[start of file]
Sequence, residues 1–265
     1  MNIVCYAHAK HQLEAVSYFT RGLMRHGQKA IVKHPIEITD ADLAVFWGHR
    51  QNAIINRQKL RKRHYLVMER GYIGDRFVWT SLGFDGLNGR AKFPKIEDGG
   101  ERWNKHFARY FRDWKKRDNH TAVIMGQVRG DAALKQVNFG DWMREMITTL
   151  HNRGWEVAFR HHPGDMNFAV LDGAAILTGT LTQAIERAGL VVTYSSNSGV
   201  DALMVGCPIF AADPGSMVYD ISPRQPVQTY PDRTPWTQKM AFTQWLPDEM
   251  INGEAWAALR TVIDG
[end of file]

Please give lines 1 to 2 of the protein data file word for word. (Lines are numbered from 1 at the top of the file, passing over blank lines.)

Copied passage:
Sequence, residues 1–265
     1  MNIVCYAHAK HQLEAVSYFT RGLMRHGQKA IVKHPIEITD ADLAVFWGHR